The Past Pulls Close

Nothing in this whole wide world is ever over.

I’ve got a beer sitting out for any Ancestors who want to stop by and a fire to keep the darkness at bay.

This is it, the darkest plunge into the deepest night. There will be colder nights, but none so long, not until we swing around to this position again, the spiral ever twisting–the moon around us, we around the sun, the sun in its arm of a twirling galaxy.

We have not been here before. And yet, we keep coming back here.

Have a drink, my old gone friends. Come on out, into the light. As Gillians says, let me see the mark death made. And I will show you the scars on my body in return.

I tell the same story over and over again. And always I put myself in the middle of it. So angry at the betrayal of Paradise. Still holding out hope I’ll find a comfortable way in.

Always ready to fuck over the people who have been so good to me for the brief affections of those who have fucked me over.

Spinning, spinning.  Waiting, knocking.

And who waits at my door? Who knocks to be let in?

I really hate this time of year. It just feels like grief–stale and fresh. And I wonder when it happened. I wonder what, exactly, it is. And I can’t say. Only that I recognize that it’s gone.

I miss those folks so much sometimes that it takes my breath away. Who knew me like they did?

And yet, it was me who let go. It’s always me who lets go. The dance ends, the partners switch and I am gone.

Spinning. Slipping. Gone.

Until we’re back again, in the longest night. Me and my dead things, waiting.

Trying to make peace.

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Weird Dreams

I had a weird dream that the Haunted House at Disney Land was walk-through and I was there with some guy I know who I won’t embarrass by mentioning. But there was real danger and we were separated. And looking for each other to escape. And then he stopped wandering. He just went to the heart of the house and waited for me there. And I, who had not stopped running hysterically from room to room did find him, rather easily. And we were safe.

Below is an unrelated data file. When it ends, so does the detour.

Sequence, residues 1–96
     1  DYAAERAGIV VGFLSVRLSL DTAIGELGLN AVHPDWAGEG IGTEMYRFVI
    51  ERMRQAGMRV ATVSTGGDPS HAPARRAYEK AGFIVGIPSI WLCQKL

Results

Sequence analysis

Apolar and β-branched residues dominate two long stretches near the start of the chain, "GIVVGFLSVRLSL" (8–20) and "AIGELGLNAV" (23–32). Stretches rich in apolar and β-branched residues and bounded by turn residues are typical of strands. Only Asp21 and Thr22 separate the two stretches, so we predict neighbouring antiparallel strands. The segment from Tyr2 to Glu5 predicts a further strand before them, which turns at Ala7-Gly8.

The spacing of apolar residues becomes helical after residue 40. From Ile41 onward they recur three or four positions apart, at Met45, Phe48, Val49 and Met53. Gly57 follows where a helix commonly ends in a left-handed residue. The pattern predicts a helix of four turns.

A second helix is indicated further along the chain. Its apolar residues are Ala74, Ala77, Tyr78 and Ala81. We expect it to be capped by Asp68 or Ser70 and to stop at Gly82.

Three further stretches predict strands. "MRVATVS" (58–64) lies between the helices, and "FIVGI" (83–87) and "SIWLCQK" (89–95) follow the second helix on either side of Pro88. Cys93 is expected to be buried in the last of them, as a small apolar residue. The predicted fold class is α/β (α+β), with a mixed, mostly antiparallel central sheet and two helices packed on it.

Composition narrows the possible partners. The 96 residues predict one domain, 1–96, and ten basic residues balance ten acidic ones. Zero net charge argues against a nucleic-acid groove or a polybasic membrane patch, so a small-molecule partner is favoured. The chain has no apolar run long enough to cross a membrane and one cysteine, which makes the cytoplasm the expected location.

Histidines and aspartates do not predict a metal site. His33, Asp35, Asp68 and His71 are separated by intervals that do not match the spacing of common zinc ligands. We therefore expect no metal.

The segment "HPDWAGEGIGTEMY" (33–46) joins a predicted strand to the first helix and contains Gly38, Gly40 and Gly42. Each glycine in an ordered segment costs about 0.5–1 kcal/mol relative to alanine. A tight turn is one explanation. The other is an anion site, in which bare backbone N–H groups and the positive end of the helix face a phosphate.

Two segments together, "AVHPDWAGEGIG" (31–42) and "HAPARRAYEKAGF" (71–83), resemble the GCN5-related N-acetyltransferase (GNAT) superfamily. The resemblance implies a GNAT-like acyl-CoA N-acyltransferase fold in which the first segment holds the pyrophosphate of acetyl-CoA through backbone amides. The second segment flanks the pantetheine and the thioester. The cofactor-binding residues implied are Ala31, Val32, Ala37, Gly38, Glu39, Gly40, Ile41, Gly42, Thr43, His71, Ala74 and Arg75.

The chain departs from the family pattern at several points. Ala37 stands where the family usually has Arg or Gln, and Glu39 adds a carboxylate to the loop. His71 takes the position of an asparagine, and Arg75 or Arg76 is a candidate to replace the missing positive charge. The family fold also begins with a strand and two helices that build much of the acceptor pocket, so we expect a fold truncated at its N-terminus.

And it was so brilliant that it woke me up.

But then all today I kept thinking, “How would that work in real life?” How would you know which person should stay still and which should keep moving? I guess it requires knowing which one of you is going to stumble around like a chicken with her head cut off no matter what.

The Art Lover by Carole Maso

Someone on Facebook recommended it and whoa, it blew me away. I wouldn’t say it’s among my favorite books, but it is among the books I respect the most. The structure of the plot (which is not the same as the structure of the book) is like sitting in the middle of a small peninsula watching the waves wash up on shore on all but one side of you and the story is what the water leaves in the sand after each wave.

There is a crescendo, but it’s not the point where the characters you’ve been following so far have some glorious climax. Instead, it’s where Maso says, “You’ve been watching the shore to your left and right, but you’ve missed everything going on at the point. Let’s look now.”

Ugh. It just tore my heart right out..

To me, writing is about longing and longing is the close sibling of grief. This is a book that really gets that.